Writing Down the Milk-Bones

Jul 5, 2016

WilmaInHerKitchen (1)Wilma, my boxer-mix canine companion, has had her breakfast and is ready for work. It’s too hot outside to harry the squirrels, so this morning she’s helping in the office, seated on the floor at my feet.

“What are we making?” she asks. She’s very articulate.

“Kat Ward is doing us a favor by publishing an article in Hometown Pasadena about the Story Kitchen, so we’re writing that today.”

“Oh no,” says Wilma, shaking her collar with more than her usual oomph. “I don’t trust this one bit. Cats don’t do favors.”

“This Kat is a human. She writes and edits Hometown Pasadena.”

“Huh. Well, at least the article’s about a kitchen. I like the food room.”

“This one’s the Story Kitchen, Wilma. That’s what we call the workshop I lead at the Flintridge Bookstore & Coffeehouse, where writers focus on the structure of their work. The bones, so to speak—” I realize my mistake too late.

Wilma leaps to her feet. “Bones! Cow?  Pig? Lizard?”

“What I mean is that just like a body, a story is held up by a structure, like a skeleton. In class, we learn methods for getting our ideas out of our heads and onto the page in the right order, so they hold each other up. Meat and sinew and fat are all good, but a story needs a skeleton in order to stand.”

“Sounds like my kind of class.” Wilma licks her chops.

“We won’t have real bones in the Story Kitchen,” I pat her shoulder, “though there’s food and drink at the Coffeehouse.”

“Smells, too, I bet,” she says.

“Yep. That lovely, ‘new book smell’ of the Flintridge Bookstore.”

Wilma wags her tail. I return to typing.

Patience is one of Wilma’s virtues, though today she’s not patient for long. She stands beside me, waiting. Finally, she asks, “Is there a salivary involved?”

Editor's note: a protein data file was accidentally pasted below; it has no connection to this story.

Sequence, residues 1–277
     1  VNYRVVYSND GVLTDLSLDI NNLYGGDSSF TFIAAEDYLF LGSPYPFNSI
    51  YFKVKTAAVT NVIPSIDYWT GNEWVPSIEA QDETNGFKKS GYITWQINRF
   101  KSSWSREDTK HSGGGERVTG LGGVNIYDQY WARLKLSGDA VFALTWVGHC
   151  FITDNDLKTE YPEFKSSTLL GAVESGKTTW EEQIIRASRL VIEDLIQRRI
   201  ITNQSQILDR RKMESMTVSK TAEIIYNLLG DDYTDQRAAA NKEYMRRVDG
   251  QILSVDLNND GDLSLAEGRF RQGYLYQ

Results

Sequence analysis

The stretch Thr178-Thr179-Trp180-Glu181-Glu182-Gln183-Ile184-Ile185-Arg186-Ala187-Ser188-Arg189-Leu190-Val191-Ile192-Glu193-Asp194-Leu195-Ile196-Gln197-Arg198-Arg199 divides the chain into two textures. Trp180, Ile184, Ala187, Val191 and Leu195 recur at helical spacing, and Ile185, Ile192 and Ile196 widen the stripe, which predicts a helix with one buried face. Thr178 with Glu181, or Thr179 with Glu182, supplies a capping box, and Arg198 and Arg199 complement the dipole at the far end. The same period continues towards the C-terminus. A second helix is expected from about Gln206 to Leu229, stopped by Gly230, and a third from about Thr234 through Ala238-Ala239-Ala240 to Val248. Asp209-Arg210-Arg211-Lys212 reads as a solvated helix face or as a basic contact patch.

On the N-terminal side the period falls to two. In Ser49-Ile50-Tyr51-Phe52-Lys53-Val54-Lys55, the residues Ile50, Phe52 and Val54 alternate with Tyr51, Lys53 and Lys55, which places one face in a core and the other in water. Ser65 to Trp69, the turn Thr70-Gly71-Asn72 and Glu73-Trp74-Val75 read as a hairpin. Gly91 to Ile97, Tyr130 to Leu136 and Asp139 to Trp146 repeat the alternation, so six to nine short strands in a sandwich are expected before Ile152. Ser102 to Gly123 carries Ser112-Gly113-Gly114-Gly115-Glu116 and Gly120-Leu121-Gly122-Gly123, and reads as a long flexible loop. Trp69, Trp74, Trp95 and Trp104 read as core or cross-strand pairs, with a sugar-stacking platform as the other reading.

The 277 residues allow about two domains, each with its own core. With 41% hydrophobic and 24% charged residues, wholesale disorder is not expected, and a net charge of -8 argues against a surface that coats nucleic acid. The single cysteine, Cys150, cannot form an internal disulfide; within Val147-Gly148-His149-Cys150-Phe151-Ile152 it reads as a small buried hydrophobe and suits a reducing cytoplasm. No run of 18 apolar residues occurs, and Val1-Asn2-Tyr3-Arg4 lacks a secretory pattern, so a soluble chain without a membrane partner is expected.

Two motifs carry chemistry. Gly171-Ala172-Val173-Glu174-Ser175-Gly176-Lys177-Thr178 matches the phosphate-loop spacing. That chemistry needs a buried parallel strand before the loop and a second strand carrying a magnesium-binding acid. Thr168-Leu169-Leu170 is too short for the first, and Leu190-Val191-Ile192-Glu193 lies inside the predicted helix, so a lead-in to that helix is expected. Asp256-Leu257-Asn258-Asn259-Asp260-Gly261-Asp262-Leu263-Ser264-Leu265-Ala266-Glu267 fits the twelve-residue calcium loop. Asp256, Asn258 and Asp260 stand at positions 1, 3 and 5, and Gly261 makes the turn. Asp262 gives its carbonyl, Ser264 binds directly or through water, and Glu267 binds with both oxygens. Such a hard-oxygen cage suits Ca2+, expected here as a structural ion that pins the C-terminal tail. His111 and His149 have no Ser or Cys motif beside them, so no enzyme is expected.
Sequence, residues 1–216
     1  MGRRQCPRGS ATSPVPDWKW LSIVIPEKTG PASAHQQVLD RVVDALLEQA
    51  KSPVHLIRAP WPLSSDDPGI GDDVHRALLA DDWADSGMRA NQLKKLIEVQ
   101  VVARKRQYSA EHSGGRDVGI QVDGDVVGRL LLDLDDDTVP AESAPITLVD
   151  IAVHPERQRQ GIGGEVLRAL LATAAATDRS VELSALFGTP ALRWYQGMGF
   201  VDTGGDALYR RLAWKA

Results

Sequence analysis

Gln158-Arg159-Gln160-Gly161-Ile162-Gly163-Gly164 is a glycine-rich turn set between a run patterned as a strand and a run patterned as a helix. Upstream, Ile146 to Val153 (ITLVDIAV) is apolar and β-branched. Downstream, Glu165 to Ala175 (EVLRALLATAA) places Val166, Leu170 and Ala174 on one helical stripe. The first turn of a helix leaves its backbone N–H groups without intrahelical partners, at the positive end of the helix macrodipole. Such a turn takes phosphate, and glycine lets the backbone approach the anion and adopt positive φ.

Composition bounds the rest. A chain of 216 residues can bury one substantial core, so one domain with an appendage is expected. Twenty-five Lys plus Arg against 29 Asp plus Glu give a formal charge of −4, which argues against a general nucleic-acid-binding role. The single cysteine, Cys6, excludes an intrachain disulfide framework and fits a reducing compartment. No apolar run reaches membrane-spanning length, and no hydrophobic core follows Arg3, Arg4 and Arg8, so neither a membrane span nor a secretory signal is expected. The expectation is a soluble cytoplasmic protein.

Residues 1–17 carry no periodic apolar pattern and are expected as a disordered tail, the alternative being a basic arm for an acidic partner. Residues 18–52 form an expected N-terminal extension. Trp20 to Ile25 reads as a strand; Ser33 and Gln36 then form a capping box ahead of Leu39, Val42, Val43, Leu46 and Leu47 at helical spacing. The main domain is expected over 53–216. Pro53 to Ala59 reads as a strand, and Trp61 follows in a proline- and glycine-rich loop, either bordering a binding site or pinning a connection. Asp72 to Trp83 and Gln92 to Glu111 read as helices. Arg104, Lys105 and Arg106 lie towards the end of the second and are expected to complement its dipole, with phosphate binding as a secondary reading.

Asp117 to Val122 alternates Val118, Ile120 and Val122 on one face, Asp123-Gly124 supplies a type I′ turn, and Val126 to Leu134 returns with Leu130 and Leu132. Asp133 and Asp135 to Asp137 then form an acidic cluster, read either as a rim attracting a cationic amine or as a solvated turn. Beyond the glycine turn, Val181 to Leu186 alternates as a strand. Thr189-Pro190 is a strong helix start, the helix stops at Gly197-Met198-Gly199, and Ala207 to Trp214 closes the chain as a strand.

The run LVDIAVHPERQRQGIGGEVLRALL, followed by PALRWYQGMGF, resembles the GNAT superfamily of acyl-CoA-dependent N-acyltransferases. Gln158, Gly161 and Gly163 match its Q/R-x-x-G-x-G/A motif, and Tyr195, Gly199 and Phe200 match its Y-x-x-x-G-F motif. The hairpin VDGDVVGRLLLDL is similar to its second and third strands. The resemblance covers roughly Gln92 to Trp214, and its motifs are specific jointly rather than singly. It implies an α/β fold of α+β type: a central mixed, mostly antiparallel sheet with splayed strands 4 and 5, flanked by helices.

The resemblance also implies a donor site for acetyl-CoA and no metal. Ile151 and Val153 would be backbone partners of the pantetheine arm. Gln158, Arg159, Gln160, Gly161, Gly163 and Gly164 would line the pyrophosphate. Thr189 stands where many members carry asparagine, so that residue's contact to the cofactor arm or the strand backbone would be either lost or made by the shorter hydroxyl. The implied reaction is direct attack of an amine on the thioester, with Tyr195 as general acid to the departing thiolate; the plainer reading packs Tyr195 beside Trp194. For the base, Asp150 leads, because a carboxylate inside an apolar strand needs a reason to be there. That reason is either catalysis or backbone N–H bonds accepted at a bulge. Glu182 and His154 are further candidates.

“A salivary?”

“You know, payment.”

“You mean a salary, Wilma.”


“It’s a good question. Let’s list the particulars at the end of our article.”

“Okay.” Wilma yawns and does a doggie stretch before lying on her office bed. “Will Kat be at the Story Kitchen?”

“I don’t think so, Wilma.”

“Poop,” she says, and falls deeply asleep.


The Story Kitchen Story Structure Workshop
Wednesday evenings, July 13th, 20th, 27th, and August 3rd and 10th
Time: 6:30-8:45 p.m.
Flintridge Bookstore, 1010 Foothill Blvd., La Cañada Flintridge 91011
Cost: $249 for 5 weeks.

Payments are made to the Flintridge Bookstore & Coffeehouse, either in person
Or call 1.818.790.0717
Payment in full is required by end of business on July 10th; refunds are pro-rated

Store contact: Gail Mishkin,
Class contact: Petrea Burchard,

Flintridge Bookstore & Coffeehouse

For more conversations with Wilma, search #Wilmadialogs on Facebook.






1 Response for “Writing Down the Milk-Bones”

  1. […] Earlier this week, Wilma and I had a calm discussion at Hometown Pasadena about the Story Kitchen writing workshop, which starts next week. Join us! Check out our conversation here. […]



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